Chicago Renaissance

The Black Chicago Renaissance was a creative movement when activism and scholarship flourished with the prodigious work of African American community leaders, performers, artists, writers and activists.

During and after the Great Depression (1930s-1950s), African Americans in Chicago created a new community on the South Side that was distinctly their own.

In literature the Black Chicago Renaissance was represented by such giants as Richard Wright, Gwendolyn Brooks, Margaret Walker, Arna Bontemps and Fenton Johnson. The explosion of musical creativity in Bronzeville’s clubs and concert halls ranged from classical to jazz and from gospel to blues and pop. A new social science of Black urban life was born with the writing of St. Clair Drake and Horace Cayton’s Black Metropolis. The art of William McBride, William Edouard Scott, Gordon Parks, Archibald Motley, Jr. and other local Chicago Black artists defined the era.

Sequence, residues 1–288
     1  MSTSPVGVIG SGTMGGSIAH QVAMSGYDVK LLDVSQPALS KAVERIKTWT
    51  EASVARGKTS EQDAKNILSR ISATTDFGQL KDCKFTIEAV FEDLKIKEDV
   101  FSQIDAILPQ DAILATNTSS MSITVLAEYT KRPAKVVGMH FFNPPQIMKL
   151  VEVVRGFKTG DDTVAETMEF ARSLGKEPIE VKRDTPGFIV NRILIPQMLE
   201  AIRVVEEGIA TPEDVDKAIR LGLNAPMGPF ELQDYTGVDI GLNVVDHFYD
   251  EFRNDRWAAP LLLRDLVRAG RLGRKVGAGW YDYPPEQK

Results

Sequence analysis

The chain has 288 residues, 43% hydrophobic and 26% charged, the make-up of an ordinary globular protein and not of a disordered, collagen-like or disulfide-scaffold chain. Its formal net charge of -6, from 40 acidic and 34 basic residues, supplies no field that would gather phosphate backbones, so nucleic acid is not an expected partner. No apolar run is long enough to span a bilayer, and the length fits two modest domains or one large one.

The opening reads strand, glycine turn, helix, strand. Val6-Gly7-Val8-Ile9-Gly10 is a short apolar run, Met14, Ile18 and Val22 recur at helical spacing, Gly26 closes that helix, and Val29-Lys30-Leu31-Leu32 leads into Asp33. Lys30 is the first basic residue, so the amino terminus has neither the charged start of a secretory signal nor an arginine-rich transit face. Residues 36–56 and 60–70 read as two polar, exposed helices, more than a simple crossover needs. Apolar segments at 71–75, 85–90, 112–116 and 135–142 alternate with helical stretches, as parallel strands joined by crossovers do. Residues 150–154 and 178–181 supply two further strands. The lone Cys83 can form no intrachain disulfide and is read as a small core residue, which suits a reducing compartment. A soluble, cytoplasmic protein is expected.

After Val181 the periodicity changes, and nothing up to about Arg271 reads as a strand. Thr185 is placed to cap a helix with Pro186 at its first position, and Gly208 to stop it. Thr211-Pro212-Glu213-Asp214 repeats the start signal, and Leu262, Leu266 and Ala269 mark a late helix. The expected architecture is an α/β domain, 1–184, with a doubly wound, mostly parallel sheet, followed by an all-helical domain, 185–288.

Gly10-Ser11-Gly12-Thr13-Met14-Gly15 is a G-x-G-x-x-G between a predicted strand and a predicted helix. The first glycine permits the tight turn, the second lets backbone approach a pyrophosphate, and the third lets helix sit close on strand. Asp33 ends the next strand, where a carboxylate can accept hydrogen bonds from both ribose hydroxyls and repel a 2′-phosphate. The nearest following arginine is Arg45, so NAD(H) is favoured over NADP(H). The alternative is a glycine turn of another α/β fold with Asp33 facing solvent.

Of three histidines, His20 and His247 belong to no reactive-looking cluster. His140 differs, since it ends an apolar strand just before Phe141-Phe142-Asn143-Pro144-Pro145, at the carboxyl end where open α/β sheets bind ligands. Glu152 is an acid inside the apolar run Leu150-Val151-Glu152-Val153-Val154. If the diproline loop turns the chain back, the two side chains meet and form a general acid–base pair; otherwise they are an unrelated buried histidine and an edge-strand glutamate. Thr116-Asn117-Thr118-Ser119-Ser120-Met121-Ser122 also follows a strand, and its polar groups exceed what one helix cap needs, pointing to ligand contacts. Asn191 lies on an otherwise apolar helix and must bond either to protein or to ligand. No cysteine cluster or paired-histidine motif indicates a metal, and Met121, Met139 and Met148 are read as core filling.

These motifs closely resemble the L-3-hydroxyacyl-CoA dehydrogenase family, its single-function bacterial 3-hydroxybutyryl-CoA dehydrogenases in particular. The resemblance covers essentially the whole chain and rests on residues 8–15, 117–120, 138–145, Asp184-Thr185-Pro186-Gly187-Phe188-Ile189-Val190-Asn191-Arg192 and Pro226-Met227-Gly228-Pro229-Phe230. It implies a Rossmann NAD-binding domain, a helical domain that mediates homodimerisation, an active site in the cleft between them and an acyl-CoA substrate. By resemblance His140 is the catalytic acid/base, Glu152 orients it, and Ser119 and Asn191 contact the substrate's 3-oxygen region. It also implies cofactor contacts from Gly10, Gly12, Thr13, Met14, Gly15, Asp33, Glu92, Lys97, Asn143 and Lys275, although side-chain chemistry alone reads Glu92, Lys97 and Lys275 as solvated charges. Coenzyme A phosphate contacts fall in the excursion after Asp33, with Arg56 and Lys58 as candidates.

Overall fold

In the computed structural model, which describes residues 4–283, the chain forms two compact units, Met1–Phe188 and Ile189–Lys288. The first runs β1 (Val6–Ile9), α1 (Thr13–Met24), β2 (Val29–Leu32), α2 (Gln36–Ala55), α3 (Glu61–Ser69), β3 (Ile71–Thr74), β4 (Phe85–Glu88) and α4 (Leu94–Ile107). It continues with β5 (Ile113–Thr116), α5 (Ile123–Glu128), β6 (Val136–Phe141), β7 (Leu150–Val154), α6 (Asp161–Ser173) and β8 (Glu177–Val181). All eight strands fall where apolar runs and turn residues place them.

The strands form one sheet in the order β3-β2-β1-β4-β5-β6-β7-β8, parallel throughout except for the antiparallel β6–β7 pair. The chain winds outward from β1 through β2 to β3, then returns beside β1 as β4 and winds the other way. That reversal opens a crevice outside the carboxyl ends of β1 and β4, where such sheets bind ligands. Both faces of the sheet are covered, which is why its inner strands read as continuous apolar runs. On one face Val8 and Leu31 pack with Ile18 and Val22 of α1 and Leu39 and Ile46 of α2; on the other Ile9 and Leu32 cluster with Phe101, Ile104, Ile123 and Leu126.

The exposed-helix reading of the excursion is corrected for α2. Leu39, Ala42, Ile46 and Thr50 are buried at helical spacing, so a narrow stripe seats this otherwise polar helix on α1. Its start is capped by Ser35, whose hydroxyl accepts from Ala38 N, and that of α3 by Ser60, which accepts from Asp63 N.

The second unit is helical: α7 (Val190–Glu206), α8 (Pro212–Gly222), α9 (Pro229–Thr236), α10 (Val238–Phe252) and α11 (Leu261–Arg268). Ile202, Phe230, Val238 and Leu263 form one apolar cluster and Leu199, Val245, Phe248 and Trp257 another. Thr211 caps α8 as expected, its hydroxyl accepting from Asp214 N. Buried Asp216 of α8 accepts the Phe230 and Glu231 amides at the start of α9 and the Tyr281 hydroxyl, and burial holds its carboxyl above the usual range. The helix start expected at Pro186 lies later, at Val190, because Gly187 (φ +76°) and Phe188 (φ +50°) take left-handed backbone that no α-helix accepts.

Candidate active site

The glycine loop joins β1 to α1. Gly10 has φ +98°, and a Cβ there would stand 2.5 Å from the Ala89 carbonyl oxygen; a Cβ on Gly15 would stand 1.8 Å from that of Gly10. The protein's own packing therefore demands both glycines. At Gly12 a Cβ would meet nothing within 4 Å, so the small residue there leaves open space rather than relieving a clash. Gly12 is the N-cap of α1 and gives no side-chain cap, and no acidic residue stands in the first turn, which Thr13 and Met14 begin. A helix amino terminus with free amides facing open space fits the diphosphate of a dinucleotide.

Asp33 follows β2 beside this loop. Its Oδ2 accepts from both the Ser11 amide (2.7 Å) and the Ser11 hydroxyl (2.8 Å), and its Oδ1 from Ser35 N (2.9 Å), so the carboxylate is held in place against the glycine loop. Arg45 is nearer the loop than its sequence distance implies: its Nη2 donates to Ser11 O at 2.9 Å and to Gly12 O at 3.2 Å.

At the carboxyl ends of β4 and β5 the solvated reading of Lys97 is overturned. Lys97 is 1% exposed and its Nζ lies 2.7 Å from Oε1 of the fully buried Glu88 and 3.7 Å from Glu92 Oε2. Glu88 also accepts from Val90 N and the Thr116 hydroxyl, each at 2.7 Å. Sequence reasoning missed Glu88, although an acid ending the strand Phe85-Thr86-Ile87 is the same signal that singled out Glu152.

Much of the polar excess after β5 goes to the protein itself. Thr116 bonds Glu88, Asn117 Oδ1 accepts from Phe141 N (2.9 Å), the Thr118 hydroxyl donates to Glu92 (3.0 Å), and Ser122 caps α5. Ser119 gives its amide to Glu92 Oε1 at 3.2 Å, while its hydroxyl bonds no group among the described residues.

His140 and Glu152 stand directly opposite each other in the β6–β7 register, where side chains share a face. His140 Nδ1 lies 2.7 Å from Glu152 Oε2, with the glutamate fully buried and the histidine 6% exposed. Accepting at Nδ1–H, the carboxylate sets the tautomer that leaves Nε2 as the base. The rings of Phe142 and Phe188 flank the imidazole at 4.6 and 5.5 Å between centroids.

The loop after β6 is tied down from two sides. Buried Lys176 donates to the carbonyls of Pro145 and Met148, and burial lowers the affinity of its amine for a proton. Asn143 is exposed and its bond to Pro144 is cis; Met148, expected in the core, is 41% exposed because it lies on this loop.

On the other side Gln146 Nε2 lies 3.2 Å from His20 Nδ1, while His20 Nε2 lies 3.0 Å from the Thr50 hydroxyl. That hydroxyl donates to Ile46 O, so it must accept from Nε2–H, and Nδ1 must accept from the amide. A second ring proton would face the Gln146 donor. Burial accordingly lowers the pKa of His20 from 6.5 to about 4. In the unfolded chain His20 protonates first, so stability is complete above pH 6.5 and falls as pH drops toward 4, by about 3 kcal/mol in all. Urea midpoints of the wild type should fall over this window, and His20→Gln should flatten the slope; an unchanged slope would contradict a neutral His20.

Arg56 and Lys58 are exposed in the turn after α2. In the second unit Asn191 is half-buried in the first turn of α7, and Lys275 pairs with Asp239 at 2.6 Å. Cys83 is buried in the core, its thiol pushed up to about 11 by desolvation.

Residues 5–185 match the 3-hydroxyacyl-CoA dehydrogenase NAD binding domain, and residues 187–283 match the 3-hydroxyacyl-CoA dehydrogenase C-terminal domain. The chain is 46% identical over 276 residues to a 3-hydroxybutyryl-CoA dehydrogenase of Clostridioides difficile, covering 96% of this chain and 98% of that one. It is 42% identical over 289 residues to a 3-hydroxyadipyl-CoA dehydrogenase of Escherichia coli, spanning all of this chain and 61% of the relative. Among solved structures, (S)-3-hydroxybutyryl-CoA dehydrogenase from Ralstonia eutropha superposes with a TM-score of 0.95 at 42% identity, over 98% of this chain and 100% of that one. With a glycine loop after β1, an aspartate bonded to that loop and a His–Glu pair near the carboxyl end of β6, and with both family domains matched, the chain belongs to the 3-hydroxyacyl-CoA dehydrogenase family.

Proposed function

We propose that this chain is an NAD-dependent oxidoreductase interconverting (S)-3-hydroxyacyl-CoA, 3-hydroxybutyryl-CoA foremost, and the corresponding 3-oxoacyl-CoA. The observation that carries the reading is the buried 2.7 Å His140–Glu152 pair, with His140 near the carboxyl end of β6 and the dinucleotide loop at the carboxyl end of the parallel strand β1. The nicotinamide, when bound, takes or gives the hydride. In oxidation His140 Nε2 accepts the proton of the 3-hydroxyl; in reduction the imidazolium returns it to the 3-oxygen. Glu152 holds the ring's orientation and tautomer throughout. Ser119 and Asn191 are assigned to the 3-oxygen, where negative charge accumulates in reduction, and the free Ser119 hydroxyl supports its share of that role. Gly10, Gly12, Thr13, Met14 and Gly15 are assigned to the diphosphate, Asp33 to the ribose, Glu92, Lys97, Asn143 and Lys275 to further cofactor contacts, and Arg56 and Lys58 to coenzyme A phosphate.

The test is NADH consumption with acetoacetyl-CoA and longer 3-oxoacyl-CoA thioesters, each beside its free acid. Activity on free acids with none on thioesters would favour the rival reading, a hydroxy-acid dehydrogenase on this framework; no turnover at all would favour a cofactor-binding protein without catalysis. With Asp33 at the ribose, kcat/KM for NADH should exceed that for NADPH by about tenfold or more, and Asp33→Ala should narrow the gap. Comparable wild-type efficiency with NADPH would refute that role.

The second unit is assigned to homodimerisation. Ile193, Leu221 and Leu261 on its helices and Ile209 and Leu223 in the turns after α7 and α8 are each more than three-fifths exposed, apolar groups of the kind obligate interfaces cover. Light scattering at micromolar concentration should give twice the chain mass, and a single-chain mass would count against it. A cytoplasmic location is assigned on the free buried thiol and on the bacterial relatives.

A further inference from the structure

Photographs in the Chicago Renaissance exhibit are housed in the Harsh Collection.

More CPL Resources

Finding Aids
The descriptive inventories for other related archival collections.
African American Digital Collections
Digital collections that include materials documenting Black history in the United States.